The Unfinished Swan (Review)

Developer: Giant Sparrow, Sony Santa Monica, Armature Studio
Publisher: Sony Computer Entertainment
Format: PS3, PS4 (Reviewed), PS Vita
Released: October 23, 2012 (PS3) October 28, 2014 (PS4/PS Vita)
Copy obtained via PlayStation Plus

The greatest way to describe The Unfinished Swan would be to compare it to a storybook. It tells the tale of a young boy named Monroe who finds himself lost in a mysterious world of paint. In search of a large swan, Monroe’s adventures will take him to a variety of different lands, sights, and perils to overcome. 

The game opens with a soft voice narrating the events that lead up to Monroe entering this strange world. Who is Monroe? What led him to this world? What is his purpose within it? These are the questions you’ll spend the game looking for the answers too. Occasionally, the narrator will have more to say, shining light on the situation and expanding the lore of this strange world. However, these narrative pieces aren’t doled out automatically, and require you to find hidden storybook pages on the walls of the environment. Most of these are directly in your path, making them very hard to miss, but a few of them require deeper exploration of whichever area you’re in. The art adorning the narrative pages is charming, calling to mind the classic storybooks you may remember from childhood. The little cartoon characters on the pages pop with personality, and the narration is engaging and occasionally humorous.

However, gameplay is king, and what’s on display here is extremely unique and awe-inspiring. Although the mechanics change over the course of the game, the beginning stages are the most clever. The game is played in the first-person perspective, and when you first start the game all you can see is white. You can try to navigate purely by sound if you really desire (there’s actually a trophy for completing the first level this way), or you can play the game the way it’s designed and throw balls of paint to color the environment, illuminating the path through the level. As you throw paint around the world, it colors the objects around you, revealing obstacles, staircases, paths on the ground, and more. Watching the black paint uncover the world on the white canvas is mesmerizing, and there’s no other video game I can think of that looks anything like it.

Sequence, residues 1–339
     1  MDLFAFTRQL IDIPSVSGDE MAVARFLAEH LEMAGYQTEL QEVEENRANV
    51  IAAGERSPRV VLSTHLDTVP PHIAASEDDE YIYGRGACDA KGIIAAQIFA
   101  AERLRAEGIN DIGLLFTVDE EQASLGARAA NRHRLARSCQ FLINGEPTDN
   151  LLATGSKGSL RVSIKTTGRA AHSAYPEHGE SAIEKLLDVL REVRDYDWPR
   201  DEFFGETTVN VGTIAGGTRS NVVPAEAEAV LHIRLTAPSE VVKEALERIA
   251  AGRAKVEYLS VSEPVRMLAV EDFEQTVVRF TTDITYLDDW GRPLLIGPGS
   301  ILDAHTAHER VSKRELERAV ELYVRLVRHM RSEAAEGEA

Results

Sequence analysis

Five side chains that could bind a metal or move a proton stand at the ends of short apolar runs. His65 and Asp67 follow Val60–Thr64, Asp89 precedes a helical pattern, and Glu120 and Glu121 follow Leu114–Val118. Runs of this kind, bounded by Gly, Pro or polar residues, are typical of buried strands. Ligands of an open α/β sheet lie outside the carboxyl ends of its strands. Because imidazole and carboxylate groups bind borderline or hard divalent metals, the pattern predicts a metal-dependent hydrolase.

As you progress (and for reasons the narrative will explain), the levels start including shadows and color, making it easier to find your way through each stage of the game. This more or less eliminates the need to paint the world around you, which is a shame since that’s the most appealing aspect of the game. Each subsequent level also introduces a new mechanic, and while these are all fun in their own regards, none of them quite measure up to the genius of the earlier stages. Whether it’s throwing water balls to spread the growth of vines, or using blueprint boxes to materialize stairs and ledges, there’s plenty of things to do in this game. Unfortunately, as interesting as these mechanics may be, they’re just not as innovative, or iconic, as using paint to reveal the world.

The game also utilizes collectibles in a fun a way.
Hidden throughout the game are multiple balloons attached to strings, and hitting one with a paint ball will detach it from the string and send it floating into the sky. For every balloon you hit, you get a point which can be used to unlock tools to augment the game. These tools include the ability to freeze paint balls in the air, use a sniper rifle to shoot paint balls over longer distances, and even unlock a radar that will help you detect where the remaining balloons are. There’s a few more to unlock as well, buy why waste the surprise here?


The Unfinished Swan is a very unique game.
Its storybook world, engaging narrative, and fun gameplay make it an experience that’s fun for all ages. While the first little chunk of the game easily stands out as the best, the rest of The Unfinished Swan is still a delightful and short romp. I think everyone who enjoys video games owes it to themselves to check it out, but this may pose a problem for those without a PlayStation system. Regardless, if you can set aside the roughly two hours it takes to clear the game, I guarantee you’re in for a special little treat.

– Zack Burrows


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